Decluttering: Changing your life one item at a time

Odyssa Rivera Abille

Stop when it gets overwhelming.

Look at the stuff that surrounds you.

Do you see one or two items that you can get rid of right now? Can you identify things that are important to your daily life? Are there useless gifts you are keeping out of sentimental value?

Decluttering your home is never easy to start.

Aside from the physical work that comes with getting things out and sorting, you use a ton of mental energy to identify things worth keeping, donating, and selling. It can get emotional too.

It’s easier and more exciting to gain new things, receive gifts, and shop online. However, the effects of decluttering are worth every second you spend on it. It’s something you can start today.

These are five simple tips that you can use when decluttering your home.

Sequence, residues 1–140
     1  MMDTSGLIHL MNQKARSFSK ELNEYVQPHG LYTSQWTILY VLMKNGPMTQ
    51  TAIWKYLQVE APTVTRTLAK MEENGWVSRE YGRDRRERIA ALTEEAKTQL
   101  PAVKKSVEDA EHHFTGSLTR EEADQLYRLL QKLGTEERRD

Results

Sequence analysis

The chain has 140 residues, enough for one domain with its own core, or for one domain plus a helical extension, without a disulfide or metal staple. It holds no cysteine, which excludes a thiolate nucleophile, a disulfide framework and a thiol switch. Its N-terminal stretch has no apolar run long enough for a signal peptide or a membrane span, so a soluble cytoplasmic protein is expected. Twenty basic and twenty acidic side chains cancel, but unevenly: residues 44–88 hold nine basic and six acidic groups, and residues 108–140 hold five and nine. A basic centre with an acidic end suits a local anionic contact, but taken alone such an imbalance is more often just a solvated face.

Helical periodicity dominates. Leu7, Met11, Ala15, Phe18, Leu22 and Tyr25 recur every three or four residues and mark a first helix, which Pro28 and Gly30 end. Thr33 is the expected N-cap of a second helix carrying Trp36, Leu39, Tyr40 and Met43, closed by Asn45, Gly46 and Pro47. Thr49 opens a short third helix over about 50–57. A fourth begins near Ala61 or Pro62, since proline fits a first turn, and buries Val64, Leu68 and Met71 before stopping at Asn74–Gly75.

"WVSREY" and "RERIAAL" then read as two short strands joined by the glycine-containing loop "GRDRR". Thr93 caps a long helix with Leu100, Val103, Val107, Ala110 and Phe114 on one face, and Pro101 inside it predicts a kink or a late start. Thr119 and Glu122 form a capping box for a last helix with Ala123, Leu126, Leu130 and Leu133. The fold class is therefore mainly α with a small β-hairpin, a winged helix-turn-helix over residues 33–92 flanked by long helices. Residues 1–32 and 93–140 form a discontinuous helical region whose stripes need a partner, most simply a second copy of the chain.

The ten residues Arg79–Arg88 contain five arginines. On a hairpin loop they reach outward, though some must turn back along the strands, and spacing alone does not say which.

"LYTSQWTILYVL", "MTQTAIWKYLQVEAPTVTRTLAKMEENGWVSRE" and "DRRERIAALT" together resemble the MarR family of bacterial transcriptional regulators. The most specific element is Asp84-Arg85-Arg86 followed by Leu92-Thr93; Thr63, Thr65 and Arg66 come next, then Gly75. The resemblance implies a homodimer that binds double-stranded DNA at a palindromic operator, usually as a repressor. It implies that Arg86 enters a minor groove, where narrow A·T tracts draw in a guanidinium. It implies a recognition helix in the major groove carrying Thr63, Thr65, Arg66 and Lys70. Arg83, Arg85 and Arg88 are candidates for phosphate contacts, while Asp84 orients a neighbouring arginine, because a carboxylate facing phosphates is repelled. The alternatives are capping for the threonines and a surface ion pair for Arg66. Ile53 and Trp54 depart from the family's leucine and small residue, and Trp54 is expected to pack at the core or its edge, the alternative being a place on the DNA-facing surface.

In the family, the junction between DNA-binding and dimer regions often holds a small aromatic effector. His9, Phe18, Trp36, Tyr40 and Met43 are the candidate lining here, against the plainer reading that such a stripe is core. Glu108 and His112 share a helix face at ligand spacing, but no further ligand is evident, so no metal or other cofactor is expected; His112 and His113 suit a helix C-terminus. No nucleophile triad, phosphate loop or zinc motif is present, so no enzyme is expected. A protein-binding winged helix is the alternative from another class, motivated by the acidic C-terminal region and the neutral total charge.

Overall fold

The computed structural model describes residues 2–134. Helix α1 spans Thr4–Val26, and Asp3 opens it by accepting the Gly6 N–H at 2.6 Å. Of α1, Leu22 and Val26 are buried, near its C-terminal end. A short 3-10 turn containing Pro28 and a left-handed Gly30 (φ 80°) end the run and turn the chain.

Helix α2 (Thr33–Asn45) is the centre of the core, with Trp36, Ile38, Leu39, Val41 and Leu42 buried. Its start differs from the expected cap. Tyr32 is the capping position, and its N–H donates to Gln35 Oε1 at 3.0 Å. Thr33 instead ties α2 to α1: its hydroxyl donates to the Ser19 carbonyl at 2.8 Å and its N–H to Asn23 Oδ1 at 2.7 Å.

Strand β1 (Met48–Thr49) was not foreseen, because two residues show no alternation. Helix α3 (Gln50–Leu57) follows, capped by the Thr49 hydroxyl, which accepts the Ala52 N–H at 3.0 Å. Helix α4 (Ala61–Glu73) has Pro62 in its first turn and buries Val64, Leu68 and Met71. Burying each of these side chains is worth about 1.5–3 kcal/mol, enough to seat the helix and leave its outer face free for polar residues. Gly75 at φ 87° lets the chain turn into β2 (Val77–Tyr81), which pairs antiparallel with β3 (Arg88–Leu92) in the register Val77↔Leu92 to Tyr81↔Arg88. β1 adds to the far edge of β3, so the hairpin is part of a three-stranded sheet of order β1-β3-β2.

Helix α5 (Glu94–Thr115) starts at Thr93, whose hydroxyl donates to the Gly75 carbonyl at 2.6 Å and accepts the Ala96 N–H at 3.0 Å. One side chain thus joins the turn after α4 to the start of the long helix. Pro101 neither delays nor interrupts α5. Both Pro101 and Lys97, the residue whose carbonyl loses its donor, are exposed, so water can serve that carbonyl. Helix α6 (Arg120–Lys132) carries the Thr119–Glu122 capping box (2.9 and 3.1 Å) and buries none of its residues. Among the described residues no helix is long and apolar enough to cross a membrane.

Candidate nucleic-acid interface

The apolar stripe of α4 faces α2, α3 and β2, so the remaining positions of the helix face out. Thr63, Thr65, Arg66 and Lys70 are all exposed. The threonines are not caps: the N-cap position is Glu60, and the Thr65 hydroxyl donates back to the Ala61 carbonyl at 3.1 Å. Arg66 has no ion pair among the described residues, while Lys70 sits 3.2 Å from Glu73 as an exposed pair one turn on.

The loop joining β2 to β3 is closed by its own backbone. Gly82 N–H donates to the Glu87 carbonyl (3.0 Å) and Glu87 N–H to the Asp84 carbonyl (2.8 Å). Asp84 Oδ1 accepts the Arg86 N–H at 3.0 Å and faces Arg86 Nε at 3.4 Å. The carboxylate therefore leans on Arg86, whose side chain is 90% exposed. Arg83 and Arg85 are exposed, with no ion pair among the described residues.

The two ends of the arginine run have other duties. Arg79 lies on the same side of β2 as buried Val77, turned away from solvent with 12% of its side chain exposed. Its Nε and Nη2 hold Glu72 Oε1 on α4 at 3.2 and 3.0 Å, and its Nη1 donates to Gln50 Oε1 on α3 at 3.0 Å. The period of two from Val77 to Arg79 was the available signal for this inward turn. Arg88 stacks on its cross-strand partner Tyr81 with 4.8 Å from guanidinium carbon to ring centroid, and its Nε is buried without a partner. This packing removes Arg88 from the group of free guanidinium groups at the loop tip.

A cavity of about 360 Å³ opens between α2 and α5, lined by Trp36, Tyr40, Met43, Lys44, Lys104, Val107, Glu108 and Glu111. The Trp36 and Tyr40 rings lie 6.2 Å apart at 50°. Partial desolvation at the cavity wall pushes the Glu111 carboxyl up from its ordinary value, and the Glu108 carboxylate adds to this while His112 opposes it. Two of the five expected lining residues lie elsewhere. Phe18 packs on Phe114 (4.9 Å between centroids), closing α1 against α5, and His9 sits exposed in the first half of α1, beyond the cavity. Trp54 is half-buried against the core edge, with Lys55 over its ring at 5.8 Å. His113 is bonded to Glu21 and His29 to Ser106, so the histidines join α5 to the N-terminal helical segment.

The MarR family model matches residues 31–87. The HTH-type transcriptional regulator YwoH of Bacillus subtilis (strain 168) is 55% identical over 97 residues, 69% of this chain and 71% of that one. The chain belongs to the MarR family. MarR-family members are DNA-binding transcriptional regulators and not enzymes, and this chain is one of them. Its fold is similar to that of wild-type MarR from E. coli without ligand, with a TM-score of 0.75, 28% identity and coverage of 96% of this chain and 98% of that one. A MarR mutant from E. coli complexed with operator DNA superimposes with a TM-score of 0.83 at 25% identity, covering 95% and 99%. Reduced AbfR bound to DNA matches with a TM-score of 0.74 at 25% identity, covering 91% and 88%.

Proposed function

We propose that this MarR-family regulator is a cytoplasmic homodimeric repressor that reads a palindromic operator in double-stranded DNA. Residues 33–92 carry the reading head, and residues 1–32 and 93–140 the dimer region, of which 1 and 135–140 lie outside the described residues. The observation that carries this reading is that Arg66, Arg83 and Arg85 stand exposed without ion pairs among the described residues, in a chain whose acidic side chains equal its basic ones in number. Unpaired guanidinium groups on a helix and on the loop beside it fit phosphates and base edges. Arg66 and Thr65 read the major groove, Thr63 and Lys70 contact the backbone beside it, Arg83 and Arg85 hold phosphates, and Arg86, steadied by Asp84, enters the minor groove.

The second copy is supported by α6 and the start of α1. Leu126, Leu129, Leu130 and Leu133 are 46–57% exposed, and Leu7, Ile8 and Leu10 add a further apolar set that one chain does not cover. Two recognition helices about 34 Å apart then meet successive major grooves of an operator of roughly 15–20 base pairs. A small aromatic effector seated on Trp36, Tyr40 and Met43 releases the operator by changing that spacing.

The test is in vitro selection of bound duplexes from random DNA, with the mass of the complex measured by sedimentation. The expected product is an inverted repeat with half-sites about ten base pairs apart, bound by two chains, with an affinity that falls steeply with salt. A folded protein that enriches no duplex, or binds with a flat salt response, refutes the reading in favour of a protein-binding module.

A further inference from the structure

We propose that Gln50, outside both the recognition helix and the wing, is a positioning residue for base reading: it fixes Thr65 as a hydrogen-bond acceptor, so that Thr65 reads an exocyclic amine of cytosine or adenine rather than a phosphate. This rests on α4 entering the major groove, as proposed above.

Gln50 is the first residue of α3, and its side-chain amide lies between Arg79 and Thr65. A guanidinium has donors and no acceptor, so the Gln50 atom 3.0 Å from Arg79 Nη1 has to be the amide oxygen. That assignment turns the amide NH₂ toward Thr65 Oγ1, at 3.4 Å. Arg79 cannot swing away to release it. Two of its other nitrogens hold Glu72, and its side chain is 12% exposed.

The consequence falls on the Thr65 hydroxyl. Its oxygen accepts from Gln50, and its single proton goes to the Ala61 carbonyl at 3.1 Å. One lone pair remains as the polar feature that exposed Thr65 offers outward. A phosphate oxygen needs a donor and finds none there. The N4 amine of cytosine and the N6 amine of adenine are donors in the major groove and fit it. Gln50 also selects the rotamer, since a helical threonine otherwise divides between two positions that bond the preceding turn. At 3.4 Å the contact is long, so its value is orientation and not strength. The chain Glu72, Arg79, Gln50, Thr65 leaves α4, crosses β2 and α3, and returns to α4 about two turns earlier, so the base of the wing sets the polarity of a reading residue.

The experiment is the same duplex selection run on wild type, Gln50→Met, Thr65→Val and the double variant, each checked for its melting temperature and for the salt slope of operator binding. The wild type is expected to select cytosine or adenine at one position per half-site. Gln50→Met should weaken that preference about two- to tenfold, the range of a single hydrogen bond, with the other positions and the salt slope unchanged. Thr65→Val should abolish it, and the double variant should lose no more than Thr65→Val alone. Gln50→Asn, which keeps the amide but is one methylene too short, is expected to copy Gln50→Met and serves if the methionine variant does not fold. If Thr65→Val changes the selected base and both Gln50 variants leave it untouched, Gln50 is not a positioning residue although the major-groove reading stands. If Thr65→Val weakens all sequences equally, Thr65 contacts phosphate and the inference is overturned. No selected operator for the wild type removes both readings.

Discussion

Make decluttering a part of your life.

You don’t need to schedule it. It just has to be a regular activity, like walking the dogs on Sundays or doing self-care once a month.

Can you set aside this weekend to look at what you own? How about checking digital files to see which ones you can send to the trash bin every Monday?

Edit your life frequently and ruthlessly. It’s your masterpiece, after all. -Nathan W. Morris

As days, weeks and months go by, there’s stuff in your home that goes unnoticed, unused and forgotten. Decluttering regularly will keep fewer things from aging and your home gets updated.

How to apply it:

Start with a couple of hours this weekend. Set aside valuable items to sell online. Take photos, post them, then go back to your usual weekend activities. No biggie.

Test an item before letting it go.